Mentions: We next sequenced the OsLG3 promoter regions and measured grain length in 283 rice accessions, including 247 cultivated, worldwide varieties of O. sativa in MCC1, and 36 wild accessions originating from a wide geographic range across Asia (Additional file 32: Table S1). On the basis of the nucleotide polymorphisms identified by Ho-LAMap, we could divide the sequences of the cultivated varieties into four haplotypes that were placed into two classes by phylogenetic analysis: haplotypes 1 and 3 in class A and haplotypes 2 and 4 in class B (Fig. 4a, b). Cultivars having class A haplotypes showed significantly higher OsLG3 expression levels and a longer grain phenotype than those with class B haplotypes by qRT-PCR analysis (Fig. 4c, d). Furthermore, transient assays indicated that the four consensus SNPs, rather than indel1, played a significant role in regulating OsLG3 expression differences between genotypes, resulting in diversity on grain length (Fig. 4a, e).Fig. 4


OsLG3 contributing to rice grain length and yield was mined by Ho-LAMap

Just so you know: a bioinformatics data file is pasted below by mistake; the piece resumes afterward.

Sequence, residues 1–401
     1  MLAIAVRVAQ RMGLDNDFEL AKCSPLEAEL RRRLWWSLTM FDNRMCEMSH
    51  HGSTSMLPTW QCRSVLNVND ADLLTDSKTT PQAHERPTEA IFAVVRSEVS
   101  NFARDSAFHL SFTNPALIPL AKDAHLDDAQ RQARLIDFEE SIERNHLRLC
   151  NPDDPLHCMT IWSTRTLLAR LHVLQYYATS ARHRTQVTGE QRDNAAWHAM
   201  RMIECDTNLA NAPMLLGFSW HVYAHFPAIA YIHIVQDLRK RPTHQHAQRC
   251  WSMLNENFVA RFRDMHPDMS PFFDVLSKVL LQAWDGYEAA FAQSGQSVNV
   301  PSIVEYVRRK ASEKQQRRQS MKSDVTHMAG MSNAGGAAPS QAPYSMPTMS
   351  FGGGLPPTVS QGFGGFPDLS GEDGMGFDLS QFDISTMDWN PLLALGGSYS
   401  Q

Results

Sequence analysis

Functional variation, the haplotypes and origin of OsLG3. a Haplotype analysis of OsLG3. Gene structure and natural variation between alleles from SLG and Nipponbare (top). Natural variation in OsLG3 among 283 rice accessions of a mini-core collection compared with the NILs (bottom). b Cladogram of four haplotypes. c Grain lengths of accessions for the two classes in MCC1; raw data are provided in Additional file 32: Table S1; n, is the number of accessions. P values were generated by two-tailed t tests. Error bars, SEM. d Relative expressions of OsLG3 in two haplotypes (SLG-Hap, n = 17; Nip-Hap, n = 16). e Transient expression assays of the effect of the four consensus SNPs and one indel on gene expression. Relative firefly luciferase activities in Arabidopsis protoplasts, with data normalized to activity of co-transformed constitutively expressed Renilla luciferase. Data are shown as means ± SEM (n = 5 technical replicates). f Geographic origin of rice containing the SLG-type OsLG3. Hap1–4 are represented by red, green, purple, and blue circles, respectively. The indica and japonica cultivars are denoted by solid and dashed circles, respectively. g Nucleotide diversity analysis in OsLG3 and flanking regions (~400 kb). Representative samples included 99 indica accessions, 68 temperate japonica accessions, 27 tropical japonica accessions, and 10 wild rice accessions (Additional file 32: Table S1). Tej, temperate japonica; trj, tropical japonica. Y-axis, average π value; x-axis, Nipponbare TIGR v7.0 genome coordinate of chromosome 3. h Averaged nucleotide diversity of the 20 kb surrounding OsLG3. i A minimum-spanning tree for the OsLG3 region. Each haplotype group is represented by a circle, and circle size represents the number of lines within the haplotype, as in Fig. 4 f. Orange, brown, yellow, red, blue and pink represent O. rufipogon in China, O. rufipogon in Southeast Asia, indica, tropical japonica, temperate japonica, and template japonica with glutinous varieties from the Yunnan-Guizhou Plateau or mixtures with recently improved indica or tropical japonica. Grid corresponds to oslg3/oslg3